Dzhungarsky Alatau Mountains
East of Taldykorgan, the Zhungar Alatau- often written in the Russian spelling as Dzhungarskiy Alatau - stretches over 300 kilometres from southwest to northeast along the border with China. Its highest summit, Semyonov Tienshanskiy, is 4,622 metres high and situated to the south of Sarkand directly on the Chinese frontier.
Mountains here offer some of the most beautiful scenery in Kazakhstan, with glaciers, spruce forests and fast-flowing streams. The mountains are home to the Tian Shan brown bear, and are far less frequented by tourists than the Zailysky Alatau. The problem though is that their proximity to China classifies most of the range as a border zone for which an additional permit is needed. Obtaining the latter, even with the help of a local travel agency, is a time-consuming procedure.
Nevertheless, this sparsely occupied mountain region with its glaciers, forbidding summits, untamed streams, remote valleys, hot springs and clean air has huge tourism potential for mountain climbing, rafting, trekking, photo safaris and silent communication with nature at its most impressive. As with other remote areas, visitors stand a very good chance of meeting nomads and their herds who have preserved much of their traditional lifestyle.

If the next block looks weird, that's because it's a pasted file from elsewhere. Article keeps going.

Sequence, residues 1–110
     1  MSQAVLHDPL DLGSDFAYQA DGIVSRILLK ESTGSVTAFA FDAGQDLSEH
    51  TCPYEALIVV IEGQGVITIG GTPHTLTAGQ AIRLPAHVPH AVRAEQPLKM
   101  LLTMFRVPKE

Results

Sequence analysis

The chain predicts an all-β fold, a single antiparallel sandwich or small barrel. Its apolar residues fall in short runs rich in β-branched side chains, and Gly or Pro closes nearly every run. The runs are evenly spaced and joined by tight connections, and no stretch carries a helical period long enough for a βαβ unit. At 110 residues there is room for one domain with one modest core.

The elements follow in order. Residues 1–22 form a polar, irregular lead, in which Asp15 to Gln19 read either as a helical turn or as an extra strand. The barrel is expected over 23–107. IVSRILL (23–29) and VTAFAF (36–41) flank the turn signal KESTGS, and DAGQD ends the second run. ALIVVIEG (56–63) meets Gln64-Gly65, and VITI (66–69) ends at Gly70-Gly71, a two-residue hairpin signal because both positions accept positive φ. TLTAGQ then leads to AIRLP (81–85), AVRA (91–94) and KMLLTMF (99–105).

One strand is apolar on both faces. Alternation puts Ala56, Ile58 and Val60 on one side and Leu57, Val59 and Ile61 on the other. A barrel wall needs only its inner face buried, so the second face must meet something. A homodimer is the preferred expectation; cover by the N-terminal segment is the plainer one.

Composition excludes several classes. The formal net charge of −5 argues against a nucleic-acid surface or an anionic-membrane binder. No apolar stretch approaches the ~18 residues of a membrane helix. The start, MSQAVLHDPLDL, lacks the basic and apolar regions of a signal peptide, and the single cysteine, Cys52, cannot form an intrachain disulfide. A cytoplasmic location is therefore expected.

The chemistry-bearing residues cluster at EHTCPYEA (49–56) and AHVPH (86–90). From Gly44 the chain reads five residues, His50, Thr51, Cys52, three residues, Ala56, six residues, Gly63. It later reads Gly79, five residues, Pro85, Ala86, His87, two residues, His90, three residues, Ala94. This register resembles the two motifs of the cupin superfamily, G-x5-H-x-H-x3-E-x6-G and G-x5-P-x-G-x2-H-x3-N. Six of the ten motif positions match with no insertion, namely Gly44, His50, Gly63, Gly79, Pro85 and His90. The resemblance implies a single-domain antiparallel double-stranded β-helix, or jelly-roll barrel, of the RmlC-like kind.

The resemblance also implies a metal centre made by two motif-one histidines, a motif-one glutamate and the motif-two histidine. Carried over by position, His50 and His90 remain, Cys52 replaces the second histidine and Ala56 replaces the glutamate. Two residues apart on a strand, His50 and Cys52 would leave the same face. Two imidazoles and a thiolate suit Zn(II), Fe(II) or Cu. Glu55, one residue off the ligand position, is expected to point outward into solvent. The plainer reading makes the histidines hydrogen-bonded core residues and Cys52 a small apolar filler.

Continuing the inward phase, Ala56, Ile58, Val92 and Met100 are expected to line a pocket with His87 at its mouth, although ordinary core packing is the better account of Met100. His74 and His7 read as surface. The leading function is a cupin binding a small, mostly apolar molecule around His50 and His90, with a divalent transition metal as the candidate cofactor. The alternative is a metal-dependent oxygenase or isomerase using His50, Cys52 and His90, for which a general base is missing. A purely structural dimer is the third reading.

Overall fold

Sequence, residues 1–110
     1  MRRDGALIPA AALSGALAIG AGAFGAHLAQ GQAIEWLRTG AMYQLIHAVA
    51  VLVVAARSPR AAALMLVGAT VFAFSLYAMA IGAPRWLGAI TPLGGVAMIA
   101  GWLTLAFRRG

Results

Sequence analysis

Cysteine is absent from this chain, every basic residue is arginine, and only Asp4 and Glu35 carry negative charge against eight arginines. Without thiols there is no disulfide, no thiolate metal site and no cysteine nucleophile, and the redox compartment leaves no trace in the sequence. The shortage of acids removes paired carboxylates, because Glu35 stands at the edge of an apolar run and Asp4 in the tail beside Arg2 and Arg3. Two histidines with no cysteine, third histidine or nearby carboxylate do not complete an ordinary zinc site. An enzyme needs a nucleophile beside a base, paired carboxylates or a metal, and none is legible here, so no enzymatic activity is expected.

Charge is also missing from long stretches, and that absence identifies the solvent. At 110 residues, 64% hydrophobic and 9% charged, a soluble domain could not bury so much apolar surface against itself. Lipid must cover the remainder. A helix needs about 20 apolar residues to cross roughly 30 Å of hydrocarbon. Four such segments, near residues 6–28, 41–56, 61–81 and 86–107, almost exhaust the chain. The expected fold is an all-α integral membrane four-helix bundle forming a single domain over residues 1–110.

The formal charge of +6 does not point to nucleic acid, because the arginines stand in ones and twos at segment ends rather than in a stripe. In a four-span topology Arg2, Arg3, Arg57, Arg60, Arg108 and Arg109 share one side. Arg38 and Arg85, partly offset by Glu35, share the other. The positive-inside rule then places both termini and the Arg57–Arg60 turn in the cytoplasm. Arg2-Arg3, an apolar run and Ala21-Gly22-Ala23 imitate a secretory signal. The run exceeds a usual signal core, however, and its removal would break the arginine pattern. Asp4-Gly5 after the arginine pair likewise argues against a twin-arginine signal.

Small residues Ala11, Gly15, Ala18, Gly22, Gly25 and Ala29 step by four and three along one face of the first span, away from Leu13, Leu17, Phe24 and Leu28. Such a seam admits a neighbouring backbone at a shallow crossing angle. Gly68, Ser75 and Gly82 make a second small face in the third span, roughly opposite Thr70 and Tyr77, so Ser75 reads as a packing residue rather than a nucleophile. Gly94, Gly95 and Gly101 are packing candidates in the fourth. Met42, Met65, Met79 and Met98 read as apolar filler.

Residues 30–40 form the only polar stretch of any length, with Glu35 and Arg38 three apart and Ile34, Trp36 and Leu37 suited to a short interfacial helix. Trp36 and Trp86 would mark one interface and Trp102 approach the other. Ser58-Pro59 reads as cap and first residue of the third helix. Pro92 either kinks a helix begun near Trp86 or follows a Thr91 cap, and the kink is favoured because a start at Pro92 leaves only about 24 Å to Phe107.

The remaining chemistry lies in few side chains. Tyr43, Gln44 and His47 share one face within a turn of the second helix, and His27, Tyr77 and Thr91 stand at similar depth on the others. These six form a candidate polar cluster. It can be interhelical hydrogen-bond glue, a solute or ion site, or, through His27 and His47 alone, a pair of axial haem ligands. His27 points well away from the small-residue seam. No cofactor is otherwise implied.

Some 40km southeast of Taldykorgan, the former mining town of Tekeli is the starting point for many routes into the Dzhungarsky Alatau. A permit is not needed to come to Tekeli itself, but you are not allowed much further into the hills to the east without one. Tekeli sits at the foot of the mountains, at the confluence of three streams: the Kora, Shizhe and Tekeli. Together these unite to form the Karatal River, the second in importance of the 'Seven Rivers' after the lie, which flows through Taldykorgan and thence northwards into Lake Balkhash.
Tekeli was formed around a lead-zinc mine, which started its operation in 1942, but whose reserves had waned by the mid-1990s to such an extent that the business collapsed in 1996. The large KazZinc enterprise took it on a year later, but was unable to make it profitable, and the mine is now closed, though metals are still being extracted from the tailings. A silver-coloured statue of Lenin stands at the entrance to the complex, on the edge of town, with another Lenin statue close to the turning for the mine from the main road. Attempts to revive the economy of the town include the decision to locate the Kazakhstan campus of the University of Central Asia here, which brings together Kazakhstan, Kyrgyzstan and Tajikistan in a project funded by the Aga Khan and focused on promoting the socio-economic development of mountain communities in central Asia through education and research.